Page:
Former Baltimore Ravens linebacker Ray Lewis had a tremendous NFL career — one worthy of induction into the Pro Football Hall of Fame this weekend.
Yet the 43-year-old is trying to add an extra skillset to his resume before the induction ceremony in Canton, Ohio: crime fighter.
Lewis told ESPN’s Jamison Hensley on Friday that while he was playing for the Ravens — which he did for 17 seasons — the crime rate in Baltimore went down. Yes, really.
“When I played, crime went lower in Baltimore,” Lewis told ESPN. “It’s like, nobody needs to be mad now. It’s like everybody wants to be happy and celebrate.”
Ray Lewis said the contagious positive energy surrounding his induction reminds him of his playing days. "When I played, crime went lower in Baltimore," Lewis said. "It’s like, nobody needs to be mad now. It’s like everybody wants to be happy and celebrate."
— Jamison Hensley (@jamisonhensley) August 3, 2018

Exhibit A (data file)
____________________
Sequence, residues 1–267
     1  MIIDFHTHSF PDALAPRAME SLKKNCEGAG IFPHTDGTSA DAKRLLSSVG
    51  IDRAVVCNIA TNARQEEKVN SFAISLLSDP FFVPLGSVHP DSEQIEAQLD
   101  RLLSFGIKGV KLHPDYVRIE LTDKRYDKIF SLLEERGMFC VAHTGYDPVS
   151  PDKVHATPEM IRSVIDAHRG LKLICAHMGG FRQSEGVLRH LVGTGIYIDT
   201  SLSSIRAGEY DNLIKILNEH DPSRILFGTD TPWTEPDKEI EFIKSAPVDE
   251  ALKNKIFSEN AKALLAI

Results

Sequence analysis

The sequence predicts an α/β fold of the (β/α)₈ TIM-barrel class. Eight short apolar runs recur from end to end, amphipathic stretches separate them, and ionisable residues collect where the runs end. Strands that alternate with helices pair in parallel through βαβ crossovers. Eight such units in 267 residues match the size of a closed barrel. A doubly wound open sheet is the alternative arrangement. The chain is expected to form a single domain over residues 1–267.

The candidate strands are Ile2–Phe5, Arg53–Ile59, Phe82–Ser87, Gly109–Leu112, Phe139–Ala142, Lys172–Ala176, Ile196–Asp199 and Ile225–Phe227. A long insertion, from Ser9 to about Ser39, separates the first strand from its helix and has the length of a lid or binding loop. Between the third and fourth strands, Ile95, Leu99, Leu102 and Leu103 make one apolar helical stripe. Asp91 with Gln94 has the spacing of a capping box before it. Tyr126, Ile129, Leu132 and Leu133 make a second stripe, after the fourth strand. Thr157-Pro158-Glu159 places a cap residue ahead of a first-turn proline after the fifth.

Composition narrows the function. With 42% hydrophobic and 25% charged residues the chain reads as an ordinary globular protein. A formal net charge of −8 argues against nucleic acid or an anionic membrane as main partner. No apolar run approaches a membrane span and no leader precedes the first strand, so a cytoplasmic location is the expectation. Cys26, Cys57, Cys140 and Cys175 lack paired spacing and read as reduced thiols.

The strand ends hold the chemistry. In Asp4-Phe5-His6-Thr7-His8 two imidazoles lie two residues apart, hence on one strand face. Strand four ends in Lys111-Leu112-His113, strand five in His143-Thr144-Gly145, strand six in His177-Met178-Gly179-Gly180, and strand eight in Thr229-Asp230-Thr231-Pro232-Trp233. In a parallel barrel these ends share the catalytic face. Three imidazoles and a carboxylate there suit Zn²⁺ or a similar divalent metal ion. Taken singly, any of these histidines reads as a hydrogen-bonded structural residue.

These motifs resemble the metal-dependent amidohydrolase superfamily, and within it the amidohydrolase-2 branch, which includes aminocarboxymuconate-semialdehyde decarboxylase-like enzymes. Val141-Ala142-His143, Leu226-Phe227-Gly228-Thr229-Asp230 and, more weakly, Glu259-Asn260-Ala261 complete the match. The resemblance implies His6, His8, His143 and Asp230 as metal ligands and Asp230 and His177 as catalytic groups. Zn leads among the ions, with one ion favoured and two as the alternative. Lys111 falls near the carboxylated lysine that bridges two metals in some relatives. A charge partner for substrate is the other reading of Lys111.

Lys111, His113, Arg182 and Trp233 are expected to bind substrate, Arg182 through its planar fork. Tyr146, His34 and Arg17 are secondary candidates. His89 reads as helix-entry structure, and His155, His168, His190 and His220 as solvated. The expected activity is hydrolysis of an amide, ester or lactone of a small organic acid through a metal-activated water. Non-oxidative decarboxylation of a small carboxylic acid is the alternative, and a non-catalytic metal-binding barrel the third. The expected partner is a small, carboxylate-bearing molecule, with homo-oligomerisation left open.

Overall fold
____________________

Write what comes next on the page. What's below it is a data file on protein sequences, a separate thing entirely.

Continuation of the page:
Now, Lewis is right on one account. Crime rates — specifically murder rates — have risen in Baltimore in recent years. A USA Today report named Baltimore the city with the highest per capita murder rate in the nation in 2017, with almost 56 murders per 100,000 people. Its 343 murders in 2017 trailed only Chicago on the list of major cities, and marked the highest per capita rate in its history.
What that has to do with football — or Lewis playing it in Baltimore — though, is unclear.
This isn’t the first time he’s attempted to make the connection between football and crime, either. In 2011, during the NFL lockout, Lewis predicted an increase in crime if the lockout impacted the season.
“Do this research if we don’t have a season — watch how much evil, which we call crime, watch how much crime picks up, if you take away our game,” Lewis said in 2011. “There’s too many people that live through us, people live through us. Yeah, walk in the streets, the way I walk the streets, and I’m not talking about the people you see all the time.”
Football does have tremendous reach — we see it every season across all levels of the sport. There’s no disputing that.
But Lewis’ claim of singlehandedly impacting the crime rates in Baltimore seems a bit far-fetched.
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